BRIEF DESCRIPTION OF THE DRAWINGS

FIG. 1 is a front view of one form of the swab transport apparatus of the present invention.

FIG. 2 is a side elevational view of the apparatus.

FIG. 3 is a cross-sectional view taken along lines 3--3 of FIG. 1.

FIG. 4 is a cross-sectional view taken along lines 4--4 of FIG. 2.

FIG. 5 is a cross-sectional view taken along lines 5--5 of FIG. 4.

FIG. 6 is a cross-sectional view taken along lines 6--6 of FIG. 4.

FIG. 7 is a cross-sectional view taken along lines 7--7 of FIG. 4.

FIG. 7a is a fragmentary view of one end of the apparatus shown in FIG. 3 illustrating the appearance of the device following sealing of the inlet fill tube.

FIG. 8 is a front view of another embodiment of the swab transport apparatus of the present invention.

FIG. 9 is a side elevational view of the apparatus of FIG. 8.

FIG. 10 is a cross-sectional view taken along lines 10--10 of FIG. 9.

FIG. 11 is a cross-sectional view taken along lines 11--11 of FIG. 10.

FIG. 12 is a cross-sectional view taken along lines 12--12 of FIG. 10.

FIG. 13 is a front view of still another form of swab transport apparatus of the present invention.

FIG. 14 is a side elevational view of the apparatus shown in FIG. 13.

FIG. 15 is a cross-sectional view taken along lines 15--15 of FIG. 14.

FIG. 16 is a cross-sectional view taken along lines 16--16 of FIG. 15.

FIG. 17 is a cross-sectional view taken along lines 17--17 of FIG. 15.

FIG. 18 is a cross-sectional view taken along lines 18--18 of FIG. 15.

FIG. 19 is a front view of yet another embodiment of the apparatus of the present invention.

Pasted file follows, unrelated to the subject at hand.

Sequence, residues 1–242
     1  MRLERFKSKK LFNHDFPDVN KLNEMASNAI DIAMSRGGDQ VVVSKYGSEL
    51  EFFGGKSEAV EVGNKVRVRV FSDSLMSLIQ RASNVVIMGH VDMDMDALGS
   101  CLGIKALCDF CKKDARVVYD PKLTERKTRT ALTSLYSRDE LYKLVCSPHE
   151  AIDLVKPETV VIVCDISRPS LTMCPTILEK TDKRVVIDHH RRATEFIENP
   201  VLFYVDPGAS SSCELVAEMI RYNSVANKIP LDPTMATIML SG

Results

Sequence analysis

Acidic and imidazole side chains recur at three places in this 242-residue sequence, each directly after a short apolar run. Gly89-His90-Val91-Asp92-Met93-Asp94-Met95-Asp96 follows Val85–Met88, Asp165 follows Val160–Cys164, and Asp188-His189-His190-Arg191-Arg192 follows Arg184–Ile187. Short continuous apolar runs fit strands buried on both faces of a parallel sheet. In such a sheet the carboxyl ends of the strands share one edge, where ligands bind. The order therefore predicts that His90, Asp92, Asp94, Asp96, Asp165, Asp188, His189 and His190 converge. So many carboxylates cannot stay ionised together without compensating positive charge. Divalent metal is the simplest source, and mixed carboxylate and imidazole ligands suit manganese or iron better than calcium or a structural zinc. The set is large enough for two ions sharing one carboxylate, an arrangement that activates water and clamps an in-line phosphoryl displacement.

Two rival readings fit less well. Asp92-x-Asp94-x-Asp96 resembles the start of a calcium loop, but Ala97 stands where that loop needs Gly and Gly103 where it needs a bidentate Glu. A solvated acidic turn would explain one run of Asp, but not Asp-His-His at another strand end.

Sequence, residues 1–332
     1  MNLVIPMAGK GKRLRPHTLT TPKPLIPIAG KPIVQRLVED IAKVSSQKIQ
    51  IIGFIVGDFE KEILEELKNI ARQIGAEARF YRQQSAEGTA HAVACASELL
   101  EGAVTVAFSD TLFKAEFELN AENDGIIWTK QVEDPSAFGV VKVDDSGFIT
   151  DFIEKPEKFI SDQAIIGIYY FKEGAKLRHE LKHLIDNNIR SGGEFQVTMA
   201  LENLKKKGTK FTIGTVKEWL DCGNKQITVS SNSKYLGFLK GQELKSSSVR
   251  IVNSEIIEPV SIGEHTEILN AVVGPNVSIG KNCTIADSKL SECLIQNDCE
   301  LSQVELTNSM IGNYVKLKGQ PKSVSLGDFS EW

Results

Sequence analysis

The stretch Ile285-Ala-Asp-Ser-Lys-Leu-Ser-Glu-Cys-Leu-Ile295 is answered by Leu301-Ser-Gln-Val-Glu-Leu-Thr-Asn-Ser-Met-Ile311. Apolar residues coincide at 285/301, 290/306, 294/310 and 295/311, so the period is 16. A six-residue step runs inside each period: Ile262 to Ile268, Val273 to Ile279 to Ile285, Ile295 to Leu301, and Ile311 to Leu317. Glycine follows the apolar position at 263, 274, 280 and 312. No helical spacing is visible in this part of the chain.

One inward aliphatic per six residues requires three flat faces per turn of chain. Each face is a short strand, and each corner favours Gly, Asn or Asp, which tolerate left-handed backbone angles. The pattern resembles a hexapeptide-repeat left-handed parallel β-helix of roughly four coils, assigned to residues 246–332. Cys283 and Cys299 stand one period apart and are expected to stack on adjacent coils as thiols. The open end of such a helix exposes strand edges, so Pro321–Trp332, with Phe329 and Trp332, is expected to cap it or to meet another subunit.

FIG. 20 is a side elevational of the apparatus shown in FIG. 19.

FIG. 21 is a cross-sectional view taken along lines 21--21 of FIG. 20.

FIG. 22 is a cross-sectional view taken along lines 22--22 of FIG. 21.

FIG. 23 is a cross-sectional taken along lines 23--23 of FIG. 21.

FIG. 24 is a cross-sectional view taken along lines 24--24 of FIG. 21.

FIG. 25 is a front view of still another embodiment of the apparatus of the present invention.

FIG. 26 is a side elevational view of the apparatus shown in FIG. 25.

FIG. 27 is a cross-sectional view taken along lines 27--27 of FIG. 26.

FIG. 28 is a cross-sectional view taken along lines 28--28 of FIG. 27.

FIG. 29 is a cross-sectional view taken along lines 29--29 of FIG. 27.

FIG. 30 is a cross-sectional view taken along lines 30--30 of FIG. 27.

FIG. 31 is a front view of yet another embodiment of the apparatus of the present invention.

FIG. 32 is a side elevational of the apparatus shown in FIG. 31.

FIG. 33 is a cross-sectional view taken along lines 33--33 of FIG. 32.

FIG. 34 is a cross-sectional view taken along lines 34--34 of FIG. 33.

FIG. 35 is a cross-sectional taken along lines 35--35 of FIG. 33.

DESCRIPTION OF THE INVENTION

Referring to the drawings and particularly to FIGS. 1 through 7, one form of the swab transport apparatus of the present invention is thereshown and generally designated by the numeral 50. The apparatus of this form of the invention is used for transporting a swab 52 of the character having an elongated stem 54 and a bibulous swab material 56 carried proximate one end of the stem. As best seen by referring to FIGS. 3 and 4, the apparatus comprises an elongated plastic body 58 having resiliently deformable side walls and first and second end portions 60 and 61. Body 58 is open proximate its first or upper end 60 and includes a first elongated chamber 62 communicating with the open end for receiving the swab 52.

Body 58 also includes a second chamber 64 having resiliently deformable side walls for containing a fluid 65 therewithin. Second chamber 64 functions as a squeeze bulb, is axially aligned with chamber 62 and is longitudinally spaced therefrom. Disposed intermediate chambers 62 and 64 is a reduced diameter portion 66 which includes a communication path between first and second chambers 62 and 64 provided here as an axially extending passageway 67. Disposed proximate second end 61 of the plastic body is a tubular shaped segment 68 having a fluid passageway 70 therethrough for interconnecting second chamber 64 with atmosphere.